Five new players will suit up for the Virginia Cavaliers’ men’s basketball team this season: graduate transfer Ben Vander Plas and freshmen Isaac McKneely, Isaac Traudt, Ryan Dunn, and Leon Bond. From major contributors to redshirts, each will have a distinct role to play on this iteration of the Cavaliers; this piece takes a look at how each player will fit into the roster in order of largest to smallest expected role.
Ben Vander Plas
A graduate transfer from Ohio, Virginia fans may remember Vander Plas for his 17-point NCAA tournament performance against the ‘Hoos in 2021. Nicknamed “BVP,” the stretch four brings shooting and size to a Virginia squad desperately seeking both traits.
In the absence of star guard Jason Preston last year, Vander Plas became one of the focal points of Ohio’s offense and averaged 14.3 points per game. Crucially, he knocked down 33.8% of his 5.7 attempts from three per game; Virginia shot just 32.3% from three as a team last year, and didn’t have a player attempt more than 5.1 threes per game.
To be fair, 33.8% isn’t exactly an elite clip — that’s the same percentage Reece Beekman, whose shooting has been harped upon as an area for improvement, knocked down in 2021-22. However, the types of shots Vander Plas will take are equally valuable to his ability to make them. Potential freshman sharpshooters aside, BVP will be the most willing three-point shooter on the court for the Cavaliers. He’s willing to let it fly from well beyond the arc and shoot off the dribble.
I’m very interested to see the role Ohio transfer Ben Vander Plas plays for Virginia this season. He made 33.8% of his threes last year, but that number undersells his talent — a lot of BVP’s looks were VERY tough shots.
He’ll probably be the best shooter on the roster. pic.twitter.com/B4YuF7RBMV
—Ben Wieland (@BenWieland) April 26, 2022
BVP’s ability as a playmaker is also underrated; when given the opportunity to operate in the post as an offensive fulcrum, he looked good. He averaged 3.1 assists to just 1.8 turnovers for Ohio last season.
As usual with newcomers to the Virginia system, Vander Plas will need to prove his defensive mettle to earn minutes in high-leverage situations. However, ‘Hoos fans searching for proof that offensively talented fours with spotty defensive ability can play major roles in their first season don’t need to look far, because Jayden Gardner was in a very similar situation after transferring from East Carolina last season. Don’t bank on BVP starting too many games, but he’ll be a key piece of the Cavalier rotation this season.
Of the four highly touted freshmen who will join the ‘Hoos this fall, it’s McKneely who has the most clear shot at big minutes. His skillset of shooting and ball-handling ability fills a need for the Cavaliers on the perimeter.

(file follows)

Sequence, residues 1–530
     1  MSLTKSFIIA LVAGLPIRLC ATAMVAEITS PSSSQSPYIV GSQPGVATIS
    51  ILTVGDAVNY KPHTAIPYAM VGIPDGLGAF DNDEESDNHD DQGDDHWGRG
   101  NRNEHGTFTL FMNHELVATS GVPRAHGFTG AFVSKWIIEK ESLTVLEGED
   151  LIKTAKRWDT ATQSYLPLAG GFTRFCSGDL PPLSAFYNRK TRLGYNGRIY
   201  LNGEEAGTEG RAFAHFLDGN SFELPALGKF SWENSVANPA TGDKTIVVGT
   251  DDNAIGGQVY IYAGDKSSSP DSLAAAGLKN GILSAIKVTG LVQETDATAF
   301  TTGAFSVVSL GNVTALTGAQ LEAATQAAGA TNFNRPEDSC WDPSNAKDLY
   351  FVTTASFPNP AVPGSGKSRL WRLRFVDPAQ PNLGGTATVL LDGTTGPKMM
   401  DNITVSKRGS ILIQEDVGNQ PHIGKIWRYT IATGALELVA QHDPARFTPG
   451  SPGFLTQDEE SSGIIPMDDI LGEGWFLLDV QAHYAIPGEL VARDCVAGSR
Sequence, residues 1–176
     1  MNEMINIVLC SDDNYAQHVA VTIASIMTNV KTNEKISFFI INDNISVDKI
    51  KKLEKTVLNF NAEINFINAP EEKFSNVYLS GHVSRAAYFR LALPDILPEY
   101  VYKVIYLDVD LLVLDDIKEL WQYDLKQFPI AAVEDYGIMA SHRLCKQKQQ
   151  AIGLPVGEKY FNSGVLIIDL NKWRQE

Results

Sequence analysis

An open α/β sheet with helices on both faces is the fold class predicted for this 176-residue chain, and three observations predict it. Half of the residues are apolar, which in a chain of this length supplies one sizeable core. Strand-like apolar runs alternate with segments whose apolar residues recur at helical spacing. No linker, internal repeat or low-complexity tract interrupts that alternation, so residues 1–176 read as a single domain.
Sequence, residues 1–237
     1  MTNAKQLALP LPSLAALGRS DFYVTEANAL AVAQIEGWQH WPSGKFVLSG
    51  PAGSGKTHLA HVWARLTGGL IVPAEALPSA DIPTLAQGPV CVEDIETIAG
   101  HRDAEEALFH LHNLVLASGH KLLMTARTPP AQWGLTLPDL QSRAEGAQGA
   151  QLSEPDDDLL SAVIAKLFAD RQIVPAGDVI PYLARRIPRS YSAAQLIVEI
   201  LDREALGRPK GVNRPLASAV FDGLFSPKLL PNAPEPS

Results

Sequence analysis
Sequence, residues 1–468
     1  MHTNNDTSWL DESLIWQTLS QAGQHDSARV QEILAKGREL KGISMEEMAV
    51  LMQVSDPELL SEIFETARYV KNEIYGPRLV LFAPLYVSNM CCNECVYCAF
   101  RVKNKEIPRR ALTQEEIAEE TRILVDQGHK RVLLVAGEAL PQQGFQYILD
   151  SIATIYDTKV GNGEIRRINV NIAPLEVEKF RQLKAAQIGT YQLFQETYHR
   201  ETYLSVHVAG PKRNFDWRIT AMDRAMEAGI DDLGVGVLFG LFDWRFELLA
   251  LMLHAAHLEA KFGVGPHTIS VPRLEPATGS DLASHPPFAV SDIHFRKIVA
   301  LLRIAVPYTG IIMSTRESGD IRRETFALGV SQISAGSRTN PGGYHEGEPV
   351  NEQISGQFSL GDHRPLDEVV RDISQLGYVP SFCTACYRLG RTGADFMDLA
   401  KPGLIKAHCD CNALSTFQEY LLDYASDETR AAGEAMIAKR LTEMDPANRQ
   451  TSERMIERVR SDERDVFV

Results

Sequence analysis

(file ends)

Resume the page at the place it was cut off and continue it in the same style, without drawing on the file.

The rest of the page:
The first-year shooting guard won West Virginia’s Gatorade Player of the Year honors twice and led Poca High School to a state title in his final season. McKneely’s high school experience is relevant for another reason, too: Poca head coach Allen Osborne ran both the blocker-mover offense and the pack line defense, making McKneely’s transition into Tony Bennett’s schemes smoother than it typically is for incoming recruits.
Virginia also has minutes to fill at the guard position on an otherwise-crowded roster. Both Carson McCorkle and Malachi Poindexter transferred out of the program this offseason, creating an opportunity for a bench guard to step up and play. McKneely’s in line to be that guy, especially if he’s ready to step into the scheme immediately.
The other half of “Isaac Squared,” Traudt will face more obstacles on his path to playing time, but his upside as a 6’10 power forward who’s also a knockdown shooter is incredibly high. Like McKneely, Traudt won Nebraska’s Gatorade Player of the Year award in a fantastic senior season for Grand Island.
Some of Traudt’s highlights handling and shooting the ball in high school are freakish. Players at his size shouldn’t have the form and touch that Traudt does from beyond the arc. He won’t have the freedom to handle the ball on the perimeter in college as much as he did in high school, but it’s good to know that he has the ability to do so as well.
It will be tricky for Traudt to see much playing time this fall, especially with the addition of Ben Vander Plas. He isn’t quite fleet of foot enough to play the 3, and the opportunity for playing time at the 4 with both Jayden Gardner and BVP on the roster is very limited. At the 5, head coach Tony Bennett values knowledge of the defensive system above almost anything else, which might result in Kadin Shedrick (understandably) and Francisco Caffaro (less understandably) playing more than Traudt.
However, Traudt’s talent level is too high to keep him off the floor this season. At the very least, he’ll have opportunities in non-conference play to earn a role in more important games down the stretch.
Dunn’s upside is greater than perhaps any member of the 2022 recruiting class, but he might be a bit too raw to play a major role in his first season. He suffered a lower leg injury at the end of his high school season which limited his participation in team camp early this year, and doesn’t quite have the ball-handling ability the ‘Hoos will expect from a perimeter player. With Taine Murray and Armaan Franklin presumably ahead of Dunn on the depth chart, this will be primarily a developmental season barring Dunn taking an elite leap.
Of the four freshmen, Bond is the most likely to redshirt this season, an arrangement that was understood with the coaching staff when he committed to Virginia. His handle isn’t reliable enough at the moment to play on the perimeter in Virginia’s offense, and earning frontcourt playing time as a 6’5 freshman is a tall order. Bond’s upside as a defensive stopper and defensive contributor is high, but he likely won’t get a chance to showcase it on the court this season.